Security and Peace

Self determination, social justice and peace all require a healthy civil society, and a healthy civil society requires security. I do not mean to reduce an infinitely complex process into a simple equation, but this is something that I believe. The paradox of the 2004 tsunami in Aceh, Indonesia, is a case in point. I was in Banda Aceh with the NGO Forum Asia in June, 2005, about six months after the tragic wave that devastated the entire coast of the province, washing away a good part of the capitol city.

During the three decades prior to the tsunami, the region had been virtually cut off from the outside world as the Indonesian army and separatists fought for control of Aceh. Civil society existed in a state of arrested development; local institutions were often co-opted by either the army or the separatists, activists and normal people feared engaging in any sort of politics social organizing, because both armed sides had practiced the harassment, murder, and “disappearance” of many that were seen as threats. Unable to develop its civil society, the people of Aceh had no opportunity to enjoy self determination.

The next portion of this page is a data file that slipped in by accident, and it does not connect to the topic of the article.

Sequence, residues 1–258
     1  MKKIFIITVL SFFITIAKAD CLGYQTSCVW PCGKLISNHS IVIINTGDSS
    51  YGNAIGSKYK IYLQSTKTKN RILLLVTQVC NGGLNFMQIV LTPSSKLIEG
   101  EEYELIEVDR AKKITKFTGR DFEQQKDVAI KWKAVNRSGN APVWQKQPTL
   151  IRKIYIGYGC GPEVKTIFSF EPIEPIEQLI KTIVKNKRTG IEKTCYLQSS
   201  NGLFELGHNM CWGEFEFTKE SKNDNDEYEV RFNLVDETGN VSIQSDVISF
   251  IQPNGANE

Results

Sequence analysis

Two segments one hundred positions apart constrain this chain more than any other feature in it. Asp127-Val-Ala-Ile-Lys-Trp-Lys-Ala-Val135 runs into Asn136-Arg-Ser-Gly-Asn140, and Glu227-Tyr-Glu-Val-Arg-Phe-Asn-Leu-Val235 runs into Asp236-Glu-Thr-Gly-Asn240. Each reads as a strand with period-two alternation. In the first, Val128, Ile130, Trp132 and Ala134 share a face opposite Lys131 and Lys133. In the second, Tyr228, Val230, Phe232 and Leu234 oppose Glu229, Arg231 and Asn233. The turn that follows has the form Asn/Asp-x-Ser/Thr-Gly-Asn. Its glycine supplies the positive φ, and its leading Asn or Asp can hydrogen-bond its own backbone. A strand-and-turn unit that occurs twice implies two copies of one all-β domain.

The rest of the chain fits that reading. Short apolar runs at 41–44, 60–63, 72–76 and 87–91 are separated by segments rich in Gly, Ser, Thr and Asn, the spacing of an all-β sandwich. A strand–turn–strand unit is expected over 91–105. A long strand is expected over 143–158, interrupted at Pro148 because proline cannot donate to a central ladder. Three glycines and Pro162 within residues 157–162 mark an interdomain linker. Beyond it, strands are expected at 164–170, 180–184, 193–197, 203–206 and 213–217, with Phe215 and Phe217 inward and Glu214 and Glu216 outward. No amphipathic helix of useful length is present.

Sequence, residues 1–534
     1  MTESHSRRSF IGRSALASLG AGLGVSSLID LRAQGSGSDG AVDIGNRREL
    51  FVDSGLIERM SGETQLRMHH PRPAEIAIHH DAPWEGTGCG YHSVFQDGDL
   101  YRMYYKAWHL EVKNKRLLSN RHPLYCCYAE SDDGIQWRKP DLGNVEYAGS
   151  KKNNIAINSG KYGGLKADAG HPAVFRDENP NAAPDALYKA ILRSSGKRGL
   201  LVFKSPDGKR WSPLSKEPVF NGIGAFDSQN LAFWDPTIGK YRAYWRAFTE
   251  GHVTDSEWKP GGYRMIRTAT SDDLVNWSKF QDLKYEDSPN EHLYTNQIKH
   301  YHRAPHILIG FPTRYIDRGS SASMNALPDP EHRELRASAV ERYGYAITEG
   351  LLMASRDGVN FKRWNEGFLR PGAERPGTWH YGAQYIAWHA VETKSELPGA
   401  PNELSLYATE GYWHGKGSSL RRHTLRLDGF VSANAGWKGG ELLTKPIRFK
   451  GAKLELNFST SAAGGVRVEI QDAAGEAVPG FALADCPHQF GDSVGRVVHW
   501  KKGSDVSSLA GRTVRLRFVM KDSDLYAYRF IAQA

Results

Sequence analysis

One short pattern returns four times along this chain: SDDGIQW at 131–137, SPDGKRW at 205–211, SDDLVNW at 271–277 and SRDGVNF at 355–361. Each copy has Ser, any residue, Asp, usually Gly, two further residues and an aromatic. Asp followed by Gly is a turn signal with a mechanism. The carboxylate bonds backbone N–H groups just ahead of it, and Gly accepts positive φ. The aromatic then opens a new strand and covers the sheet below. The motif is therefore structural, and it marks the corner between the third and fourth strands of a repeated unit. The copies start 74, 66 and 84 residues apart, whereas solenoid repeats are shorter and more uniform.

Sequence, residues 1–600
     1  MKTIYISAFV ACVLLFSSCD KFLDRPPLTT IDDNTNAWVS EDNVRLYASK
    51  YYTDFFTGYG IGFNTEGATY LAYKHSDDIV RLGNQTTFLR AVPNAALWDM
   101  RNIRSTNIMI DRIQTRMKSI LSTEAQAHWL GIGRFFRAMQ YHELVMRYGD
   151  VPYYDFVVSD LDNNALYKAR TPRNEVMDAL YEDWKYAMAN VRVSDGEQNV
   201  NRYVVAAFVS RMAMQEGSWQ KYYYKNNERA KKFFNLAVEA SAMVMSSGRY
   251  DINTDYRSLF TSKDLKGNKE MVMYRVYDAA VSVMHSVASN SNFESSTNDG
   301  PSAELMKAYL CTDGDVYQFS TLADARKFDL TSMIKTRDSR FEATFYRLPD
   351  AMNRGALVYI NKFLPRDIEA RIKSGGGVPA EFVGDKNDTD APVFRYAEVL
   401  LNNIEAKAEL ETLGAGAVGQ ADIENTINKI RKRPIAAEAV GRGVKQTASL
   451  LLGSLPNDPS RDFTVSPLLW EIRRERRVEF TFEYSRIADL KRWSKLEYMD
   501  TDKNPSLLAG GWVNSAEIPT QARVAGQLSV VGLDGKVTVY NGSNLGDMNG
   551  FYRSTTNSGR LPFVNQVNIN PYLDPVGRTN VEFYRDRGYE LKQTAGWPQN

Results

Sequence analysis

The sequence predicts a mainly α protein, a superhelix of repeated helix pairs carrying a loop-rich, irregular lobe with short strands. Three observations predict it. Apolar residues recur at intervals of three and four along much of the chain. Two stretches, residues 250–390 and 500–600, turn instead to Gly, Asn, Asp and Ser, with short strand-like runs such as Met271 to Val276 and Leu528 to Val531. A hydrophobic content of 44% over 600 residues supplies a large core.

Here is the paradox of the tsunami: while it was a horrible event that took hundreds of thousands of lives and destroyed what economy there was, it also resulted in a degree of security. Military action ceased, and the sudden, massive presence of the international community meant that armed actors on either side could no longer do as they pleased in their quest for control.

Since that time, civil society in Aceh has seen steady growth, and the people are now living under an elected government.

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